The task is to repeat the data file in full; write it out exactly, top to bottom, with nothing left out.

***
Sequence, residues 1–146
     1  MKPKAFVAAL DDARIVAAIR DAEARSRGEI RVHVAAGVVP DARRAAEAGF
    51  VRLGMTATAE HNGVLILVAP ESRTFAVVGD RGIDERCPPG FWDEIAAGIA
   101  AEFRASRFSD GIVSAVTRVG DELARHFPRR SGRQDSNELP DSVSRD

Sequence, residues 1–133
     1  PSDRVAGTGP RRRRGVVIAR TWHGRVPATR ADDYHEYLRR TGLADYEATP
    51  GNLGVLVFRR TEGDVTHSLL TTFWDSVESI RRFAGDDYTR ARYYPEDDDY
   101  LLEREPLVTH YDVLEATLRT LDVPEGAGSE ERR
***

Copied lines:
Sequence, residues 1–146
     1  MKPKAFVAAL DDARIVAAIR DAEARSRGEI RVHVAAGVVP DARRAAEAGF
    51  VRLGMTATAE HNGVLILVAP ESRTFAVVGD RGIDERCPPG FWDEIAAGIA
   101  AEFRASRFSD GIVSAVTRVG DELARHFPRR SGRQDSNELP DSVSRD

Sequence, residues 1–133
     1  PSDRVAGTGP RRRRGVVIAR TWHGRVPATR ADDYHEYLRR TGLADYEATP
    51  GNLGVLVFRR TEGDVTHSLL TTFWDSVESI RRFAGDDYTR ARYYPEDDDY
   101  LLEREPLVTH YDVLEATLRT LDVPEGAGSE ERR